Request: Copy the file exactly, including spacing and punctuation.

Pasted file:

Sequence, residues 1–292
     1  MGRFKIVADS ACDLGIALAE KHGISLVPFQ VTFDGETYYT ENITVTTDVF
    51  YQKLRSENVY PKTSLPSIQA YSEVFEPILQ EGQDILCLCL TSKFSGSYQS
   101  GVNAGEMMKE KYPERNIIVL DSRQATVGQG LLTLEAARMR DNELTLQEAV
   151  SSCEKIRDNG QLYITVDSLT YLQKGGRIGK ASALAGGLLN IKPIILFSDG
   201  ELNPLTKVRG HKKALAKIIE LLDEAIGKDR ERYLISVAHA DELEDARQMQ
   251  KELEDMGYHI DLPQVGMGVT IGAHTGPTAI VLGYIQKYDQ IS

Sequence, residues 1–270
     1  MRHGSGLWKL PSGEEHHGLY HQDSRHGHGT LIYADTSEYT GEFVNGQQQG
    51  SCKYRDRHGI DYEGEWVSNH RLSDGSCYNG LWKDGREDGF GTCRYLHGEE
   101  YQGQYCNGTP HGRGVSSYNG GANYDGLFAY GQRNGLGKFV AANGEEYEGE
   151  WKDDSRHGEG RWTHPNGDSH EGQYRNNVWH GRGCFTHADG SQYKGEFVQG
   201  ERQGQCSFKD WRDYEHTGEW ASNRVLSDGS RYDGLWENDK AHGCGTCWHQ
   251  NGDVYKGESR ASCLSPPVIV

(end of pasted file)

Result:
Sequence, residues 1–292
     1  MGRFKIVADS ACDLGIALAE KHGISLVPFQ VTFDGETYYT ENITVTTDVF
    51  YQKLRSENVY PKTSLPSIQA YSEVFEPILQ EGQDILCLCL TSKFSGSYQS
   101  GVNAGEMMKE KYPERNIIVL DSRQATVGQG LLTLEAARMR DNELTLQEAV
   151  SSCEKIRDNG QLYITVDSLT YLQKGGRIGK ASALAGGLLN IKPIILFSDG
   201  ELNPLTKVRG HKKALAKIIE LLDEAIGKDR ERYLISVAHA DELEDARQMQ
   251  KELEDMGYHI DLPQVGMGVT IGAHTGPTAI VLGYIQKYDQ IS

Sequence, residues 1–270
     1  MRHGSGLWKL PSGEEHHGLY HQDSRHGHGT LIYADTSEYT GEFVNGQQQG
    51  SCKYRDRHGI DYEGEWVSNH RLSDGSCYNG LWKDGREDGF GTCRYLHGEE
   101  YQGQYCNGTP HGRGVSSYNG GANYDGLFAY GQRNGLGKFV AANGEEYEGE
   151  WKDDSRHGEG RWTHPNGDSH EGQYRNNVWH GRGCFTHADG SQYKGEFVQG
   201  ERQGQCSFKD WRDYEHTGEW ASNRVLSDGS RYDGLWENDK AHGCGTCWHQ
   251  NGDVYKGESR ASCLSPPVIV